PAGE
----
A new era for IT skills training?

ByMichele Ide-Smith

A new era for IT skills training?

A few weeks back I posted about the Google localgov event. My thoughts on whether Councils would adopt cloud computing went something like this:

I have no doubt that the migration to the cloud won’t be driven so much by business strategy so much as by social needs and expectations. As time goes by our experiences of computing in our personal lives will be drastically mis-matched with our computing experiences at work.

Well that’s all very well if you have a degree of competency with IT. Anway, where’s this all heading? Following Portsmouth City Council’s move to block staff access to Facebook which has been in the news and causing a stir on Twitter (thanks to Sharon and  Dave for excellent posts on the subject), I had an interesting chat with some colleagues on the subject of IT skills in the organisation.

I agree that unblocking access to social networking sites is a very sensible and positive first step to entrusting Council staff and exploring the potential for engaging citizens.  This is the approach taken in the Council I work in and I am grateful not to be working in an organisation that takes more of a knee jerk response.

So assuming you have got over the first hurdle -unblocking access – one of the next big issues to solve (putting issues of brand and communications aside) is likely to be education. In organisations as diverse as Councils, staff IT skills vary widely. We need to be helping devise  education programs for managers which provide them with the awareness, knowledge and skills to support their staff in using the internet to engage citizens. So whilst we are still on a learning curve ourselves as to when and why to use social media for engagement (and resources are tight) what can we do?

  • Promote case studies. We need positive case studies and examples, which demonstrate effective use of social networks for engagement in all areas of Council services. That’s the first hook. Give people something that’s familiar and they can relate to.
  • Develop a network of digital mentors. A colleague suggested the idea of digital mentors to me recently and I think that’s exactly what we need. Keen folk, dotted throughout the Council, who know how to use social media, can spot the potential and evaluate the risks. A kind of ‘super user’ I guess.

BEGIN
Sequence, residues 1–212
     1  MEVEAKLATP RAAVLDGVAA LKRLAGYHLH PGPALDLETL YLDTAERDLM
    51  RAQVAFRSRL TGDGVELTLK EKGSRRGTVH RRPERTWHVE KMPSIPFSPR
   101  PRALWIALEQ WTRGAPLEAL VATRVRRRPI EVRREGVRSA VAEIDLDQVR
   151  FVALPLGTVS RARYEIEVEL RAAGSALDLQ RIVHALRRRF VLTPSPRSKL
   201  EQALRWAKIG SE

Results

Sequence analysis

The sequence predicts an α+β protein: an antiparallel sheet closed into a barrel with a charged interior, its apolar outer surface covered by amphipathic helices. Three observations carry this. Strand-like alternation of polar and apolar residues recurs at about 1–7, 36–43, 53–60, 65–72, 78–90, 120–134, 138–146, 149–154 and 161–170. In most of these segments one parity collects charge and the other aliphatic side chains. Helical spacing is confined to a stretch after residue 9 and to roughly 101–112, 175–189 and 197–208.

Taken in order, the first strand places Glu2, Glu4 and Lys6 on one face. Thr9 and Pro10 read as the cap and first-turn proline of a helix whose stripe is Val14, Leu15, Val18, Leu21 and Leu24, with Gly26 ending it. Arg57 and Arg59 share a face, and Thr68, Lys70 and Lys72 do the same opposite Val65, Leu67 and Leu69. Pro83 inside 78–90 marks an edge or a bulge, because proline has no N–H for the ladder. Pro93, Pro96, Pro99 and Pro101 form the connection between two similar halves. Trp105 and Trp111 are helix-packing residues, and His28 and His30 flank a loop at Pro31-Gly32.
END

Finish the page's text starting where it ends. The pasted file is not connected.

• Run informal social media surgeries. Once you have your network then hopefully you can use them to run very informal surgeries, to show others how to use the tools and demystify social media. The rules, conventions and terminology can be a bit off putting for someone who is new to it all.
  • Write practical, engaging and easy to follow guides. Ok, ok. I know people tend to ignore manuals of any kind, but they will need some guidance and it will need to be very brief and accessible. Kind of like Tim’s one page guides.

The potential of social media seems obvious when you know the ropes, but for someone who has just mastered email (or perhaps is still struggling) they will need a big helping hand to catch up.

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2 Comments so far

boonPosted on2:27 am - Sep 3, 2009


Great post. I think I’m with you on this, but I’m also partly skeptical about how organizations implement programs to help skill their staff in the ways of social media, etc.

I think that there are so many dimensions about social media that it’s quite a big thing to swallow at one go, let alone feel comfortable about making use of it to reach out to the community (or other positive reasons).

This is partly because I myself struggle with my own changing identity on the internet, and how it evolves over time as my behavior shifts based on all sorts of factors. If I sometimes struggle to figure out social media, I can understand how it can baffle or risk being misunderstood by others.

One way I can see it work is perhaps devoting the work of using social media to a few handful of govt reps (those who are social-media savvy), building on your ‘digital mentor’ idea. After all, only a certain percentage of the public/community are actually heavy users of social media. So it would be like social media reps from the govt reaching out to the social media users of the public, rather than advocating social media across the board.

Michele Ide-SmithPosted on6:57 am - Sep 3, 2009

I’m with you on that sentiment Boon. I think we’ll struggle to get all front-line staff using social media, but we certainly need to educate managers by increasing awareness and understanding for two reasons:

1. So they can manage the issue of staff using social networks for personal use in work time excessively and;

2. Identify and empower those that are “social-media savvy” to act as advocates for the Council online, as per Sharon’s post.

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